[but he made an eidolon]: [he did this] in order that the Trojans might fight more bravely because they want to save the body.”

ex. αὐτὰρ ὁ εἴδωλον<—τοῖον>: εἴδωλον μὲν ἄκουε πᾶν τὸ δημιούργημα τοῦ κόσμου, ὅπερ τύπος ὂν τοῦ ὄντως ὄντος ὑπὸ πάντων μὲν τῶν ἐγκοσμίων θεῶν κοσμεῖται, προηγουμένως δὲ ὑπὸ τοῦ ῾Ηλίου, ὅς ἐστιν ἡγεμὼν παντὸς γεννητοῦ τε καὶ ὁρατοῦ. οὐδὲν δὲ ἧττον Αἰνείου ἐστὶ τὸ εἴδωλον, υἱοῦ ᾿Αφροδίτης καὶ Τρωός, ὅ ἐστι τὸ ἐγχώριον κάλλος· πᾶν γὰρ ἐξ ᾿Αφροδίτης κάλλος ἐστι, περὶ ὃ αἱ ὑλικώτεραι τῶν ψυχῶν οὐκ ἀπαλλάσσονται συντριβόμεναι. b(BCE3E4)T

ex. αὐτὰρ ὁ εἴδωλον τεῦξε<—τοῖον>: ἵνα φιλοτιμοτέρως μάχωνται Τρῶες τὸ πτῶμα σῶσαι θέλοντες. b(BCE3E4)T

Strangeness here:  (1) What in the world is going on in the first scholion? I think it is an allegorical reading of the passage, but still.
(2) Is the scholion providing a different father for Aeneas?

 

There was also an eidolon for Helen.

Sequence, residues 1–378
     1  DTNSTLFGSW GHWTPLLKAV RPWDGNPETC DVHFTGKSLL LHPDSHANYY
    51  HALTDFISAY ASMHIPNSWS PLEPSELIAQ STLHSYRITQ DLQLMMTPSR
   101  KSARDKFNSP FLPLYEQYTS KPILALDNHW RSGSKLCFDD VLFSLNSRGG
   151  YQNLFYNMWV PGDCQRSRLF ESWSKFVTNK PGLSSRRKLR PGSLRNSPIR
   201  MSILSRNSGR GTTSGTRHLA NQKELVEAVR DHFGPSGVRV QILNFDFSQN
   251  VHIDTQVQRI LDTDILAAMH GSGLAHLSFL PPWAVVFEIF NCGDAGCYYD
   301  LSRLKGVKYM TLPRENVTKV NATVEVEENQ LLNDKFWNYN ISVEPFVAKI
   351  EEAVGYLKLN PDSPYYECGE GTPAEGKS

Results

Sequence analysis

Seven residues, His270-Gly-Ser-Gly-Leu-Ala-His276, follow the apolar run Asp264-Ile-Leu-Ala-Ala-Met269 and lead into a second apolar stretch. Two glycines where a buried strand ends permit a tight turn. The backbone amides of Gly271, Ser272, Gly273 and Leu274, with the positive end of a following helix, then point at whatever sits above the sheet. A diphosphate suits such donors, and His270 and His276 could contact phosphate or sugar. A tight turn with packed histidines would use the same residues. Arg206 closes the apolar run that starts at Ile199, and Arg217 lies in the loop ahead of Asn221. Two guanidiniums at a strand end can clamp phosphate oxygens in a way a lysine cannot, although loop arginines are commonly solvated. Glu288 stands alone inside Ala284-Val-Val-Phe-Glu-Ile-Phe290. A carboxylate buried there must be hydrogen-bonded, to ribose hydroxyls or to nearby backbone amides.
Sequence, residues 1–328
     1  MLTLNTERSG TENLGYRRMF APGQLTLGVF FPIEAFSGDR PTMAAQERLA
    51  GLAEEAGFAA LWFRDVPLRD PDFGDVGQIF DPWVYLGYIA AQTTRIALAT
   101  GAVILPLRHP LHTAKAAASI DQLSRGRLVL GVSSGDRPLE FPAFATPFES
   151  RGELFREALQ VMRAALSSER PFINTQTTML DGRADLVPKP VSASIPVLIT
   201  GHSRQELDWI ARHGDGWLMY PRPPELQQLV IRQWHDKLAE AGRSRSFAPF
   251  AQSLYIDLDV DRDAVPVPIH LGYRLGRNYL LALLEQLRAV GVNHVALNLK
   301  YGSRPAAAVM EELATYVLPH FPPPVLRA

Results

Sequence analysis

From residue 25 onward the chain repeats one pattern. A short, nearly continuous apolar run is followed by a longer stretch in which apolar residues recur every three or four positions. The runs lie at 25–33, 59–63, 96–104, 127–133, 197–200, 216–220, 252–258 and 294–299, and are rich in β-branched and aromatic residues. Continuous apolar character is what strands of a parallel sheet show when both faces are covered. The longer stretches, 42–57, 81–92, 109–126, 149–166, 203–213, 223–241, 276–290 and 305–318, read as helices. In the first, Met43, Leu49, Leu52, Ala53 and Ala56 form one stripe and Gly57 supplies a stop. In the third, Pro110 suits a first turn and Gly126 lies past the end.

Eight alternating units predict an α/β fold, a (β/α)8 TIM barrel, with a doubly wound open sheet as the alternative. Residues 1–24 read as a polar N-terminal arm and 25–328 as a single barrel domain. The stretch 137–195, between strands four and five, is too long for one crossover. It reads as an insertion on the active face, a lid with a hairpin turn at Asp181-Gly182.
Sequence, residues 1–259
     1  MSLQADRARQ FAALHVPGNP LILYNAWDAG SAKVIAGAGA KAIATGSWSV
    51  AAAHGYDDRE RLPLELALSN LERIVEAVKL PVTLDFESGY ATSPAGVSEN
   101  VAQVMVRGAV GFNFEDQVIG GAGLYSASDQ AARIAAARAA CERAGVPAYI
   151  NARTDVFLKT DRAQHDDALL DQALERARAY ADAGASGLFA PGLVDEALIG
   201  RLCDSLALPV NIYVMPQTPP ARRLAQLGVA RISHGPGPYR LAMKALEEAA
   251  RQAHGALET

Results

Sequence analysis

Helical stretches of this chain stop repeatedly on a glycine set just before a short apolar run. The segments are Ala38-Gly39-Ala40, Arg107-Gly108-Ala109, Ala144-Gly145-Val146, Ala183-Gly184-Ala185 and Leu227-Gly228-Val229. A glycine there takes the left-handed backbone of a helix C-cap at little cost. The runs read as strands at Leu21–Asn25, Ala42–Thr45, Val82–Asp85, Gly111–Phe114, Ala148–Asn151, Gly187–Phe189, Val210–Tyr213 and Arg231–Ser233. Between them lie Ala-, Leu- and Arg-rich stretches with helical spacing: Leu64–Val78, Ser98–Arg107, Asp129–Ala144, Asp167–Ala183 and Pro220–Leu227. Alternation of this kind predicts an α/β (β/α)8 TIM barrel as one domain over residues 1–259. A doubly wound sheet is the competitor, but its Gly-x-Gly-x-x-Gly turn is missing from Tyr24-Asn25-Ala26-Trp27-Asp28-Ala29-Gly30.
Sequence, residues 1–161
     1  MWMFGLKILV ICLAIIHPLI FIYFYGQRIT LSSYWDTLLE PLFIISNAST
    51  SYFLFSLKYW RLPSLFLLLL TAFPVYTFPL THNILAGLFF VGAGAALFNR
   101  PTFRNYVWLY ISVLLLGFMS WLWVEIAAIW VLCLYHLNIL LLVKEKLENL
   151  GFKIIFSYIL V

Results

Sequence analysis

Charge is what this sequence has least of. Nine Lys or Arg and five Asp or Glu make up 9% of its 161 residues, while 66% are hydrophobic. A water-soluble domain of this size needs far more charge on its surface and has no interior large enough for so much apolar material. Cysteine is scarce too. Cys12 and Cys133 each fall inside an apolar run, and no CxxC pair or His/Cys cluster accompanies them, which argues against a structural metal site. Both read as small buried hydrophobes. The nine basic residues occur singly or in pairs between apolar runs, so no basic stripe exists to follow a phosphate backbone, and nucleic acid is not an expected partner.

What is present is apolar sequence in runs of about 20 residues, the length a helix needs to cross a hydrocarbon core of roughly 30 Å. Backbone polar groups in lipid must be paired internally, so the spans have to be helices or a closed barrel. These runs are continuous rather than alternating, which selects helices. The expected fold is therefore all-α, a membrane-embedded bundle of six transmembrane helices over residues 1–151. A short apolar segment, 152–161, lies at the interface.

Storage Jar with Aeneas and Anchises  Greek, Athens, about 510 B.C.   Terracotta

Zonaras: The Foundation of Rome (6.29-7.1)

This post will be the beginning of a much longer project, which I hope to sustain, of translating all of the specifically Roman history from Ioannes Zonaras’ vast Epitome. Books I-VI of the work are primarily concerned with Biblical and Judaic history; the rest of the work is a synopsis of Roman history from the founding of the city. Zonaras draws heavily on other historians, and even preserves substantial information which would have otherwise been lost. He is occasionally faulted for not being the most accurate historian, but this is a charge leveled against ancient writers of history all the way back to Herodotus. Gibbon makes heavy use of Zonaras in his Decline and Fall, and it is perhaps not coincidental that Gibbon himself is censured on occasion for his reliance on sources of dubious reliability.